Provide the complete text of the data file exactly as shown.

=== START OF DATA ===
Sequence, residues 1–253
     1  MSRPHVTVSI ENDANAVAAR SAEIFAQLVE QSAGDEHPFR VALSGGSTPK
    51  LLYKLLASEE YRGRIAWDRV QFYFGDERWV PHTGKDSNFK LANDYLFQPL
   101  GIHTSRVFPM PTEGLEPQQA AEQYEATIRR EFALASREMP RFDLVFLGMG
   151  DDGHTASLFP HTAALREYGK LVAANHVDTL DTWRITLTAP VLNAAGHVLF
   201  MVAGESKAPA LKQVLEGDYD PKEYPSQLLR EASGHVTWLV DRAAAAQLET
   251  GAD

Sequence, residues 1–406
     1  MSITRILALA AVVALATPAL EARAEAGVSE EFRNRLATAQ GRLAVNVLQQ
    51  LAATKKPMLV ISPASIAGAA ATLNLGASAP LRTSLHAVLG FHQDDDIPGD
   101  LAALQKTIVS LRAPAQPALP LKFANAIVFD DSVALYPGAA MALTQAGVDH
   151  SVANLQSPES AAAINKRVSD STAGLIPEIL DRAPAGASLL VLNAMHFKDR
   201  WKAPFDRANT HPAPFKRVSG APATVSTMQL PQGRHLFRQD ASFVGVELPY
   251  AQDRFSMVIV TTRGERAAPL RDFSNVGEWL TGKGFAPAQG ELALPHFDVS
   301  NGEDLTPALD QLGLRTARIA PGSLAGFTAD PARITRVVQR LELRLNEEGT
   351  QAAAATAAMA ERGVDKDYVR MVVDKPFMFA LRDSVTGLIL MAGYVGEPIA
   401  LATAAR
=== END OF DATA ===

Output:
Sequence, residues 1–253
     1  MSRPHVTVSI ENDANAVAAR SAEIFAQLVE QSAGDEHPFR VALSGGSTPK
    51  LLYKLLASEE YRGRIAWDRV QFYFGDERWV PHTGKDSNFK LANDYLFQPL
   101  GIHTSRVFPM PTEGLEPQQA AEQYEATIRR EFALASREMP RFDLVFLGMG
   151  DDGHTASLFP HTAALREYGK LVAANHVDTL DTWRITLTAP VLNAAGHVLF
   201  MVAGESKAPA LKQVLEGDYD PKEYPSQLLR EASGHVTWLV DRAAAAQLET
   251  GAD

Sequence, residues 1–406
     1  MSITRILALA AVVALATPAL EARAEAGVSE EFRNRLATAQ GRLAVNVLQQ
    51  LAATKKPMLV ISPASIAGAA ATLNLGASAP LRTSLHAVLG FHQDDDIPGD
   101  LAALQKTIVS LRAPAQPALP LKFANAIVFD DSVALYPGAA MALTQAGVDH
   151  SVANLQSPES AAAINKRVSD STAGLIPEIL DRAPAGASLL VLNAMHFKDR
   201  WKAPFDRANT HPAPFKRVSG APATVSTMQL PQGRHLFRQD ASFVGVELPY
   251  AQDRFSMVIV TTRGERAAPL RDFSNVGEWL TGKGFAPAQG ELALPHFDVS
   301  NGEDLTPALD QLGLRTARIA PGSLAGFTAD PARITRVVQR LELRLNEEGT
   351  QAAAATAAMA ERGVDKDYVR MVVDKPFMFA LRDSVTGLIL MAGYVGEPIA
   401  LATAAR